Gov. DeSantis chooses Clay County interim sheriff in wake of Darryl Daniels suspension
Image via NY Post.

Sheriff Daniels was suspended, facing four counts related to obstructing an investigation.

Gov. Ron DeSantis on Saturday filled a temporary void in command at the Clay County Sheriff’s Office, tapping the FDLE’s Matt Walsh as interim sheriff.

Walsh will replace Darryl Daniels, suspended Friday amid charges related to tampering with evidence and making false statements to investigators.

Until Friday, DeSantis had not chimed-in on the developments in Daniels’ case, which was opened more than a year ago.

The Sheriff famously stumped for DeSantis in 2018, serving as a validator of the Governor’s commitment to law and order in his successful campaign against Democrat Andrew Gillum. He performed a similar function for Attorney General Ashley Moody in her run the same year.

For more than a year, Daniels has been under investigation over claims he compelled subordinates to carry out a false arrest of a woman with whom the Sheriff was having an affair. At all times he continued to serve in office, even as questions mounted.

The interim sheriff, who could serve through the end of the year, is not one of Daniels’ challengers on the ballot Tuesday, when the Sheriff faces five Republicans on the ballot, with another one a qualified write-in.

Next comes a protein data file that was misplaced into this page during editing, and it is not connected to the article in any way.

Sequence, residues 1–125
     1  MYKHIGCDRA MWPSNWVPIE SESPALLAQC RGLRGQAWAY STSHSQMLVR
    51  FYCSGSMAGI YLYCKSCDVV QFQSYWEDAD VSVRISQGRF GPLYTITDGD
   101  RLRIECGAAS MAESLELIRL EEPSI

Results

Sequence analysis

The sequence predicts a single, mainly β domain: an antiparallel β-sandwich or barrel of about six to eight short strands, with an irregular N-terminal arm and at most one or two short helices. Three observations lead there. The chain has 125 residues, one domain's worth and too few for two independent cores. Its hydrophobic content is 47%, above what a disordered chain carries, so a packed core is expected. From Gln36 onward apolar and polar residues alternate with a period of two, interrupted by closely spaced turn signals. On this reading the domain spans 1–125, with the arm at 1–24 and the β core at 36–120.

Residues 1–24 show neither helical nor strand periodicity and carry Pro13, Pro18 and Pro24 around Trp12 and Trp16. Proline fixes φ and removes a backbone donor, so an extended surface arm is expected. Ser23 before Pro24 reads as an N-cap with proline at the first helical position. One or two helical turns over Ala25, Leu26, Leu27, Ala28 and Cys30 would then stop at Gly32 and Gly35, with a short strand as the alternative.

Daniels, after slow fundraising in July, got somewhat more traction with donors in the final stretch of fundraising in August, raising $7,435, with a contribution coming in from Kent Stermon, a political ally and DeSantis booster. Daniels raised nearly $99,000 in his campaign, good for third in the field.

Michelle Cook, who raised $171,325 in her run, and Mike Taylor, who raised $111,298, had more money to deploy. But with early voting and vote by mail well underway, there are open questions about whether even a suspension by the Governor and four charges on obstruction of an investigation can deny Daniels a second term.

Public polling in April showed that Daniels’ scandal, which was close to a year old already, didn’t matter to voters.

A crowded field and the prerogatives of even lapsed incumbency may create an interesting conundrum for the rule of law in Northeast Florida come Tuesday night.

A.G. Gancarski

A.G. Gancarski has written for since 2014. He is based in Northeast Florida. He can be reached at [email protected] or on Twitter: @AGGancarski


  • Frankie M.

    August 16, 2020 at 10:08 am

    If you’re gonna give him a plea deal before the election how is that not dirty politics? Rick Scott let the public defender Shirk stay in office despite using his position for personal gain. Let the voters decide without interfering in the electoral process!

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